Economic Growth Set to Decline Year-After-Year
By John McCallum, MP *
Buried in the federal government’s fall fiscal update was some major news: economic growth in Canada will decline year-after-year for the next five years.
Let me say that again: from 2015 to 2019, growth will decline each and every year.
Faced with this sad prognosis, the Conservatives are putting all their eggs in the income splitting basket, a plan that will consume $2.4 billion borrowed dollars this year and $2 billion every year going forward, squeezing out room for a growth agenda.
The Conservative income splitting policy is unfair: it does nothing for 85% of Canadians. And for 15% who do benefit, the largest gains go to the wealthiest. Single moms and dads, parents with similar incomes within the same tax bracket, those on low incomes, those without children or whose kids are at the expensive post-secondary level—all get nothing from Income Splitting.
Income splitting is too expensive, it’s unfair and it’s anti-growth at a time when growth is what Canadians need.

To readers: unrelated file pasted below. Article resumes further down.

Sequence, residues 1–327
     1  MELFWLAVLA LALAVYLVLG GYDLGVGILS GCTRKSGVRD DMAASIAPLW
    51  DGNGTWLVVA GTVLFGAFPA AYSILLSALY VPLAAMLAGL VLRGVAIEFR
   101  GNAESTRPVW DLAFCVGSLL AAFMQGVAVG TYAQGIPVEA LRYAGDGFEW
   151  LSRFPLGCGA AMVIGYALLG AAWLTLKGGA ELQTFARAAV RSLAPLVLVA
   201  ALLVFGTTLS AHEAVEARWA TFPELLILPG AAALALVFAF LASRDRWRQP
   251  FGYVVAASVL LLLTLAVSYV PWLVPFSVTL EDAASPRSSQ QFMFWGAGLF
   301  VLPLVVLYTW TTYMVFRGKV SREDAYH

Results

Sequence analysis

Instead of lavishing benefits on those who need them the least, we need to help our economy expand and give all Canadians a real and fair chance at success. Two key elements of that agenda are infrastructure and education.
Investments in infrastructure will create jobs today and lay the foundations for greater prosperity tomorrow. By helping our cities build durable tools like better transit and water systems, we will reduce traffic gridlock and give a substantial and sustainable boost our productivity and quality of life.
Seven out of ten future new jobs in Canada will require post-secondary education. If we can raise our post-secondary education attainment rate to 70 percent, we’ll have a workforce ready to meet our future job market needs.
We don’t have to settle for gradual economic decline. Investments in education and infrastructure are two essential components for the prosperity of our middle class and our collective future.
* Mr. McCallum is the former senior vice-president and chief economist of the Royal Bank of Canada.